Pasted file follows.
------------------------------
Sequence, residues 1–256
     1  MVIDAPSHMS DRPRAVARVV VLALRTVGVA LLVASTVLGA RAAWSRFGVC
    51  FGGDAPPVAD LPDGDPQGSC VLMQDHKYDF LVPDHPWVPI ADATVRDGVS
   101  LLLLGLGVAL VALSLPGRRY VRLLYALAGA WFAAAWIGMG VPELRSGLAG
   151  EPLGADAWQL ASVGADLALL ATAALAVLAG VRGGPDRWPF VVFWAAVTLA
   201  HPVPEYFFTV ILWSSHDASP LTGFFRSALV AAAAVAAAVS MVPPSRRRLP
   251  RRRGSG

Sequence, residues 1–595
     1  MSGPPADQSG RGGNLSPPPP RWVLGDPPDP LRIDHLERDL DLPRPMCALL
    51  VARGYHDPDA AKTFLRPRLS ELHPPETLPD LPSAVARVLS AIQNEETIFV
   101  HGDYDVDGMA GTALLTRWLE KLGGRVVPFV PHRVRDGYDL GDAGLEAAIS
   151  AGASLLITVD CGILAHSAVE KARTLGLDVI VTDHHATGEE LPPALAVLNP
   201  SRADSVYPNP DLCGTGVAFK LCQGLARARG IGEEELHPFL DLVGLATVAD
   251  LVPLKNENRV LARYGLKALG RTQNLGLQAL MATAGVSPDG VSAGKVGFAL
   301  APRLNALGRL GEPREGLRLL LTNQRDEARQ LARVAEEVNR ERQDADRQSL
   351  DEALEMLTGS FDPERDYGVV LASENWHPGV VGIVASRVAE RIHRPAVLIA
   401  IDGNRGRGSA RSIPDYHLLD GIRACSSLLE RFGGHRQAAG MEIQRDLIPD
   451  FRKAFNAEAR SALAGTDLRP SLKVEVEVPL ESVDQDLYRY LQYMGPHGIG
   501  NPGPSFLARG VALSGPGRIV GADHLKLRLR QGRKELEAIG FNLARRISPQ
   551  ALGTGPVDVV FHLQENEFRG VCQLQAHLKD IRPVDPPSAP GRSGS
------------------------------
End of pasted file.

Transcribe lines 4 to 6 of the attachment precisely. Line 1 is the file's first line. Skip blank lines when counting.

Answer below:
   101  LLLLGLGVAL VALSLPGRRY VRLLYALAGA WFAAAWIGMG VPELRSGLAG
   151  EPLGADAWQL ASVGADLALL ATAALAVLAG VRGGPDRWPF VVFWAAVTLA
   201  HPVPEYFFTV ILWSSHDASP LTGFFRSALV AAAAVAAAVS MVPPSRRRLP